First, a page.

There are major stories that have nationally dominated the news, of course (with politics and the inauguration taking center stage)-- but even still, our daily lives go on and the subplot continues to be how important a home is to all of us. Yet, while the demand continues to be so high for a new home, the inventory is strikingly low here and all over the country. 
The question I get almost every day is, why are there so few houses for sale? A new Wall Street Journal article by Nicole Friedman tries to answer that question and offers some insight. She writes that according to Redfin Corp, we are simply just staying in our homes longer. A typical homeowner in 2020 had remained in place for 13 years, according to their research. In 2010, that rate was 8.7 years. I think a big factor in all of this is of course the pandemic--buyers are seeking bigger homes in order to work and attend school remotely, whereas sellers have had the opposite reaction by canceling plans to list their homes or have become fearful of opening their homes to the public.
This is 2021 now, though. The vaccinations will hopefully gain momentum and people will be able to venture out more safely, so in my world, things could change in this market week to week. Who knows?! I have a client in Florida who hasn't seen her family in a year because she is high risk and can't fly. As soon as it's safe and she’s received the vaccine, she will be up here to buy. Other clients have put their interstate moves from Massachusetts to another region on hold for the same reason.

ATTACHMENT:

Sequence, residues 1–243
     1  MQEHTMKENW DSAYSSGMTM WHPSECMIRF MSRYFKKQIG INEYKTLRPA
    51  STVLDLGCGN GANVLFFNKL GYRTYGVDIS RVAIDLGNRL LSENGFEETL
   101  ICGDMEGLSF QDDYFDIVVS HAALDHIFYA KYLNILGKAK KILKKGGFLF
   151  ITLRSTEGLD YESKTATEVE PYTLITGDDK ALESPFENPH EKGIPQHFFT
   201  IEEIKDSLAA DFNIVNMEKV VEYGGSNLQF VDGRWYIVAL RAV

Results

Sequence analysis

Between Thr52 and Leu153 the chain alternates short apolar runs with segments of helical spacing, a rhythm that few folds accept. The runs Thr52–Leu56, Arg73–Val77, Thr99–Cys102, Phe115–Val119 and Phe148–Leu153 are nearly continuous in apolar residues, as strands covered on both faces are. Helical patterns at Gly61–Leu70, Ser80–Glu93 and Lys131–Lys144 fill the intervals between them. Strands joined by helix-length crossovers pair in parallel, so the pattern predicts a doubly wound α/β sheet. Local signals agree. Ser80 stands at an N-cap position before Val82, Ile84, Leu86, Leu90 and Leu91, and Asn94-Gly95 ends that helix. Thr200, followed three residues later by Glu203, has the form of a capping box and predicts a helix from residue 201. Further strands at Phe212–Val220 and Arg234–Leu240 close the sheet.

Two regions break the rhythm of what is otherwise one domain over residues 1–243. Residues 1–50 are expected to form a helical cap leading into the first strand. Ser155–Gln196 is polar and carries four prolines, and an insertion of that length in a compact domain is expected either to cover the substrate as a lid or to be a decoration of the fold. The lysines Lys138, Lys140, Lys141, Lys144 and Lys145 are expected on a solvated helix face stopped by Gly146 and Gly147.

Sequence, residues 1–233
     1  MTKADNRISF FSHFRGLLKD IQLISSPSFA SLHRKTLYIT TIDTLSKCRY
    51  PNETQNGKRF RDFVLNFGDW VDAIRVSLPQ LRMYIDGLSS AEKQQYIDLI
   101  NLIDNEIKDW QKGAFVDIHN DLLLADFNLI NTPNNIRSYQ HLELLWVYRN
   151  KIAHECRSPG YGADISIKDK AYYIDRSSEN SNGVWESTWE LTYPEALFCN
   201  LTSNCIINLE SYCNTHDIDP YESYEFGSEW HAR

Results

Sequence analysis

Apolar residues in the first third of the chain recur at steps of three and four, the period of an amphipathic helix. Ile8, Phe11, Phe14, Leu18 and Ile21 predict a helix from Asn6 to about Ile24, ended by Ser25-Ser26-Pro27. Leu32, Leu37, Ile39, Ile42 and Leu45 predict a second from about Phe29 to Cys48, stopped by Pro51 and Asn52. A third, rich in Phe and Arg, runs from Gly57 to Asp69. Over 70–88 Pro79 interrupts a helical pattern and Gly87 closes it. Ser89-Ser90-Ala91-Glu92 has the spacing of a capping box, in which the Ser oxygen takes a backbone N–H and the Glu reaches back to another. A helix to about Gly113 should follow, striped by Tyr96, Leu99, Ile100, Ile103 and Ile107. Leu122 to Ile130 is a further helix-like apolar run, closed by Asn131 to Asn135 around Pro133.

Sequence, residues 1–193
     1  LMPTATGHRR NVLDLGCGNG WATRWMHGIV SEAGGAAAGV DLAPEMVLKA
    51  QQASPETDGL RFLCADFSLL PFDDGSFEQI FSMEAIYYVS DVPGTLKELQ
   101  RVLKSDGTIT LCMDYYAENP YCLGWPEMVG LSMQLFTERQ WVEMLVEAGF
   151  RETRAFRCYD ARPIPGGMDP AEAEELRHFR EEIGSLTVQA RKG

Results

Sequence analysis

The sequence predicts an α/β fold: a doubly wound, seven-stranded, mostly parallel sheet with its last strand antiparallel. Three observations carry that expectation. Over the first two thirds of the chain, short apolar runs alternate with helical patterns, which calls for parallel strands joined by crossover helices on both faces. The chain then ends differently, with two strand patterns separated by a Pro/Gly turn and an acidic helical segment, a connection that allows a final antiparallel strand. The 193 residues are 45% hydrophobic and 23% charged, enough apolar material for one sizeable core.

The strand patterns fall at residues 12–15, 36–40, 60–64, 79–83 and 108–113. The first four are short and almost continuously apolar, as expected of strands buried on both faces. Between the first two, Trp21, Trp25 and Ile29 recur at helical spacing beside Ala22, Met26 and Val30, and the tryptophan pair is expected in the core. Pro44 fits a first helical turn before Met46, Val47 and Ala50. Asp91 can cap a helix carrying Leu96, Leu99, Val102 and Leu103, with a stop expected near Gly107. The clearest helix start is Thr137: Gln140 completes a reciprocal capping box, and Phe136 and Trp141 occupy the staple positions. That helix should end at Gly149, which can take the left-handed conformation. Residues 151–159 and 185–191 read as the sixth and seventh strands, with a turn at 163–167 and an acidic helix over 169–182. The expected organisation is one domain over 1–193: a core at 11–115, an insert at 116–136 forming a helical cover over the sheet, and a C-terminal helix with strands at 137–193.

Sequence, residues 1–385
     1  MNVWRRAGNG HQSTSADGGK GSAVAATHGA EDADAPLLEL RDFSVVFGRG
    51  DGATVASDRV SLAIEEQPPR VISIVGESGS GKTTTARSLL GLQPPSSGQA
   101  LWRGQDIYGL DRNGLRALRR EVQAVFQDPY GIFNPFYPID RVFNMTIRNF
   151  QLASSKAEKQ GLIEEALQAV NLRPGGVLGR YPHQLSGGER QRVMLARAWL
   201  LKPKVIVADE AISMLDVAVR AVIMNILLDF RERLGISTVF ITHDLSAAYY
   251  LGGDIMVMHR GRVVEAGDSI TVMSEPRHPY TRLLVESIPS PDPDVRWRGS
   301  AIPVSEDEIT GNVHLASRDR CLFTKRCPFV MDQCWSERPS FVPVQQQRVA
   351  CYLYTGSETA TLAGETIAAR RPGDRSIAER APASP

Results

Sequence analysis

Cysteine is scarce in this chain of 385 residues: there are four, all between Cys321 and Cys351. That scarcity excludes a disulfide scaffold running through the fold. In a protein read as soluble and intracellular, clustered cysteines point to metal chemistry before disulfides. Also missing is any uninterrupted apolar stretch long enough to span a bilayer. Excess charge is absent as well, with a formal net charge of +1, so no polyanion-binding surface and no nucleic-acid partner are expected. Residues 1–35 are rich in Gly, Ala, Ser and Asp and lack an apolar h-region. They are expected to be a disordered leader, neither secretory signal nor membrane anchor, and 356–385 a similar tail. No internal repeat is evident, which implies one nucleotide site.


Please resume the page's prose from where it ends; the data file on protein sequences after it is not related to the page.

What I am curious to see is where prices will go this quarter. Last year, prices inched up higher and higher, as the limited amount of properties available sold at inflated price tags after sometimes vicious and emotional bidding wars. This years sellers will use those late 2020 price tags as starting points for their homes... but will the buyers "buy" into that or perceive the house as overpriced if it starts in a higher range than it really should be? We saw one example in Wellesley where the buyers didn't see the value at the listing price and 30 showings later, they only got one offer that was significantly lower than their expectations. The broker lowered the property to a more realistic price after only a few days on the market. There are only a dozen or so properties in the whole town, and this scenario proves that people aren't desperate, and no one wants to overpay.
As I mentioned last week, we have some really great listings coming up that we will share in the next few weeks. In addition, The Pinnacle Report will be released very soon! I know you are all anxious for a full recap on the year, and boy is this 2020 recap a good one, thanks to Elaine Bannigan, the owner of Pinnacle. Keep an eye out for that, which I will send soon... and have a great week.